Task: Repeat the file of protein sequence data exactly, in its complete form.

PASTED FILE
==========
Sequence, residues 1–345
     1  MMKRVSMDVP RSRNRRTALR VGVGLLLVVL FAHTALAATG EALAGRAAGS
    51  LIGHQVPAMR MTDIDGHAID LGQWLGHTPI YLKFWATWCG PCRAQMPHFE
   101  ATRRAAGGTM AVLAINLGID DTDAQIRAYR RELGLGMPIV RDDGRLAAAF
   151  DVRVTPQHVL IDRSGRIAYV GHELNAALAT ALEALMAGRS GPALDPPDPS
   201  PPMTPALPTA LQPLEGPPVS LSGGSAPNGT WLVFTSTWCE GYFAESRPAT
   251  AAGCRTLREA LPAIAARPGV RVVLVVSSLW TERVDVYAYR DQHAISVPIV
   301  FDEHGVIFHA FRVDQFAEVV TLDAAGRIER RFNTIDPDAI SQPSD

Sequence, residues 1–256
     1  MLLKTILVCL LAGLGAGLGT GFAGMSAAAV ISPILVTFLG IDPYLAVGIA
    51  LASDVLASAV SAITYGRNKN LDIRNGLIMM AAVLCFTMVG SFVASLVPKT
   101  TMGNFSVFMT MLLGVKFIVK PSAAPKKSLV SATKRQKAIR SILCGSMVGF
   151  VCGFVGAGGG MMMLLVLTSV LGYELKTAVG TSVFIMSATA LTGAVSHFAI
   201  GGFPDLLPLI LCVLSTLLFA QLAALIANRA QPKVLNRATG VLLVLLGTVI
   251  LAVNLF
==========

Sequence, residues 1–345
     1  MMKRVSMDVP RSRNRRTALR VGVGLLLVVL FAHTALAATG EALAGRAAGS
    51  LIGHQVPAMR MTDIDGHAID LGQWLGHTPI YLKFWATWCG PCRAQMPHFE
   101  ATRRAAGGTM AVLAINLGID DTDAQIRAYR RELGLGMPIV RDDGRLAAAF
   151  DVRVTPQHVL IDRSGRIAYV GHELNAALAT ALEALMAGRS GPALDPPDPS
   201  PPMTPALPTA LQPLEGPPVS LSGGSAPNGT WLVFTSTWCE GYFAESRPAT
   251  AAGCRTLREA LPAIAARPGV RVVLVVSSLW TERVDVYAYR DQHAISVPIV
   301  FDEHGVIFHA FRVDQFAEVV TLDAAGRIER RFNTIDPDAI SQPSD

Sequence, residues 1–256
     1  MLLKTILVCL LAGLGAGLGT GFAGMSAAAV ISPILVTFLG IDPYLAVGIA
    51  LASDVLASAV SAITYGRNKN LDIRNGLIMM AAVLCFTMVG SFVASLVPKT
   101  TMGNFSVFMT MLLGVKFIVK PSAAPKKSLV SATKRQKAIR SILCGSMVGF
   151  VCGFVGAGGG MMMLLVLTSV LGYELKTAVG TSVFIMSATA LTGAVSHFAI
   201  GGFPDLLPLI LCVLSTLLFA QLAALIANRA QPKVLNRATG VLLVLLGTVI
   251  LAVNLF